Love and forgetting might have carried them
A little further up the mountain side
With night so near, but not much further up.
They must have halted soon in any case
With thoughts of a path back, how rough it was
With rock and washout, and unsafe in darkness;
When they were halted by a tumbled wall
With barbed-wire binding. They stood facing this,
Spending what onward impulse they still had
In One last look the way they must not go,
On up the failing path, where, if a stone
Or earthslide moved at night, it moved itself;
No footstep moved it. ‘This is all,’ they sighed,
Good-night to woods.’ But not so; there was more.
A doe from round a spruce stood looking at them
Across the wall, as near the wall as they.
She saw them in their field, they her in hers.
The difficulty of seeing what stood still,
Like some up-ended boulder split in two,
Was in her clouded eyes; they saw no fear there.
She seemed to think that two thus they were safe.
Then, as if they were something that, though strange,
She could not trouble her mind with too long,
She sighed and passed unscared along the wall.
‘This, then, is all. What more is there to ask?’
But no, not yet. A snort to bid them wait.
A buck from round the spruce stood looking at them
Across the wall as near the wall as they.
This was an antlered buck of lusty nostril,
Not the same doe come back into her place.
He viewed them quizzically with jerks of head,
As if to ask, ‘Why don’t you make some motion?
Or give some sign of life? Because you can’t.
I doubt if you’re as living as you look.’
Thus till he had them almost feeling dared
To stretch a proffering hand — and a spell-breaking.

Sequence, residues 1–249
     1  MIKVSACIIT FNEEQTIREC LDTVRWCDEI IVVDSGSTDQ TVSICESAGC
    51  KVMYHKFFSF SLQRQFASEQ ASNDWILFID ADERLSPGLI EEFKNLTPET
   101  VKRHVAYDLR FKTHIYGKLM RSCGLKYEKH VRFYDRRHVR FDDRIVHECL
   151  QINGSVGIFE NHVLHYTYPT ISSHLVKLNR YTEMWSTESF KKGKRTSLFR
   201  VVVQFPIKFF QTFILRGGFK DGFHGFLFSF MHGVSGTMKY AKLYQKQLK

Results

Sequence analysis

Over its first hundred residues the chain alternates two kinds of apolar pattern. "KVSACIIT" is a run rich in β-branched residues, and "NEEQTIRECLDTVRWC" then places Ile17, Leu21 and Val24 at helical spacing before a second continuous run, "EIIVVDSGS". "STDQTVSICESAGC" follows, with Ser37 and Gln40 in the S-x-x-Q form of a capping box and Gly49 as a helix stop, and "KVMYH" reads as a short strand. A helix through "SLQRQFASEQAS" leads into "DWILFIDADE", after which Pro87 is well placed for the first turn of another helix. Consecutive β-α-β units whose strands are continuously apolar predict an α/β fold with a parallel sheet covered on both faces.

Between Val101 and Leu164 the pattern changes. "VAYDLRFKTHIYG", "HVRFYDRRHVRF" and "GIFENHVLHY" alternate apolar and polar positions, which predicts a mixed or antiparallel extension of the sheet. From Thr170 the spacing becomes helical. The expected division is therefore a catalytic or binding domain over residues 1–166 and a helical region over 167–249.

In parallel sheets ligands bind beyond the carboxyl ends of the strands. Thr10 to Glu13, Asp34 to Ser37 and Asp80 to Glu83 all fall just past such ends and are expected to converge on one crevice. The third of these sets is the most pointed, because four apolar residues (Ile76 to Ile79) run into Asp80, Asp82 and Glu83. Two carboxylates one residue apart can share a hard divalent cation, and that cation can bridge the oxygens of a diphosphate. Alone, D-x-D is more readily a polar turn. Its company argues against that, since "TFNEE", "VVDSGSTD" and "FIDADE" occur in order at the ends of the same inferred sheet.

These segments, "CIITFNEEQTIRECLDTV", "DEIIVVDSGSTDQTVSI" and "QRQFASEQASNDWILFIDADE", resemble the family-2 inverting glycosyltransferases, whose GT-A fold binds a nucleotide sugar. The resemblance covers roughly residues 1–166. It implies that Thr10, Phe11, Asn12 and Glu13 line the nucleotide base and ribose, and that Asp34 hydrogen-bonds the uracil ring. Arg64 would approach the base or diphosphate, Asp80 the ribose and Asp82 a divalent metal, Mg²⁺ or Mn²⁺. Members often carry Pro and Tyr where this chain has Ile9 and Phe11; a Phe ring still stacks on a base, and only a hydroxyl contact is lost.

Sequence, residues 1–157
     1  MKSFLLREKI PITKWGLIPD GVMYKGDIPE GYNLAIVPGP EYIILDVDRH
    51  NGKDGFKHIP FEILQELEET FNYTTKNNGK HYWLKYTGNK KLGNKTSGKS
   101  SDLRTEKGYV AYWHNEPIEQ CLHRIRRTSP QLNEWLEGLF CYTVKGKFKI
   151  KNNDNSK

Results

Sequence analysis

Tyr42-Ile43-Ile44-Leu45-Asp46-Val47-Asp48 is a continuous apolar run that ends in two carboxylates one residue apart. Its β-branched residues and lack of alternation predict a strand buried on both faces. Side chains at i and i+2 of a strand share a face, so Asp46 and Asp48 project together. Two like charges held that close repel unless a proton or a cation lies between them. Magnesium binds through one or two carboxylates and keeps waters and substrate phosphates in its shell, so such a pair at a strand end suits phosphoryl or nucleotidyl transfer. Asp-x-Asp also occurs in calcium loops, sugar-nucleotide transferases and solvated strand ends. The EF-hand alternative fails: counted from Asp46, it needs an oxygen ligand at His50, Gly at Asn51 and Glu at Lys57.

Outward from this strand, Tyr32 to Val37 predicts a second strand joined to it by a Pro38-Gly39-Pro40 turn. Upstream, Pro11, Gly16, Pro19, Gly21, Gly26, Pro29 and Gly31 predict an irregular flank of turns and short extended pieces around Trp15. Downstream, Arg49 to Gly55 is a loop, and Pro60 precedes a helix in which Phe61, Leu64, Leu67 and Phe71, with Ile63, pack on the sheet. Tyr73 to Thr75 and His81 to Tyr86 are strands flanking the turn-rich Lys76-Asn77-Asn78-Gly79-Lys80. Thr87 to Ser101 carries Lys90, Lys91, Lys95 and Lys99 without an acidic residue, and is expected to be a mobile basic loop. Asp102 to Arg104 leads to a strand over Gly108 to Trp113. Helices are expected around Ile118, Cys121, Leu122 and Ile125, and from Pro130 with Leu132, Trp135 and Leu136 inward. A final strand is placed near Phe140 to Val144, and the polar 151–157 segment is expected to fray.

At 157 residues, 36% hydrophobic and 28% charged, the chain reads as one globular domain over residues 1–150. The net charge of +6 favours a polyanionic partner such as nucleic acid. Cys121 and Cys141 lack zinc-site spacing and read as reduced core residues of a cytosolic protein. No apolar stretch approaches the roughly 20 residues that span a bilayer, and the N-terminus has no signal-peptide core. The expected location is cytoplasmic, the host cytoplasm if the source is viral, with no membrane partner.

Then he too passed unscared along the wall.
Two had seen two, whichever side you spoke from.
‘This must be all.’ It was all. Still they stood,
A great wave from it going over them,
As if the earth in one unlooked-for favour
Had made them certain earth returned their love.

Analysis, meaning and summary of Robert Frost's poem Two Look at Two


  1. Lexi says:

    What I really think the poem is about is that this couple loves each other very much but the treacherous path has weakened their love. If they work out their problems or go over this wall with barbed wire and what have you then they will continue on if not then they stay with the dear. I think this shows the human capacity to love…

  2. Dora says:

    I simply think the poem is talkn about two people on a hike who suddenly come across a wall with a barbed wire to their disappointment but are also weary of going back as its fast gettn dark and the way back look difficult and dangerous! Suddenly comes a doe opposite d fence who regards them unsure of their purpose but unscared goes on its way. Next is the buck who was a little less patient than d doe, but who also unscared walks away. The couple suddenly feels a sense of ones with nature at that precise time.

  3. jen says:

    Jerry is right. This poem is not about a human relationship in turmoil as others have commented.

    In this poem, the couple is in love–very deeply in love. They travel up the mountain even though it is getting dark because they want to be together, and not turn back. When they come upon the wall, they know that they cannot go further, but they want to. They stand there and contemplate going further. But before they turn back, they come face to face with two deer–who are also at the wall, and can go no further. When they see the deer, it is like they are looking in a mirror. They see themselves in the deer–they too are a couple walking through the woods, yet the wall keeps them (humans and nature) from truly becoming one. They display mutual respect for each other, and at this time, the humans feel a deep connection with nature. They see it as a rare moment to reinforce their unity with the earth, and to reinforce their love. They would never have seen this had they not been so in love, and had turned back early. Beautiful poem!

  4. David says:

    Well this poem could be interpreted in many ways. This could also be interperted as two hikers going up a mountain. Then they meet two deers that are being separted by a wall symbolizing that humans really destruct mothe rnature, remeber that Frost was against humans because he beileved that it was all humans fault that bad things happen to helpless animals.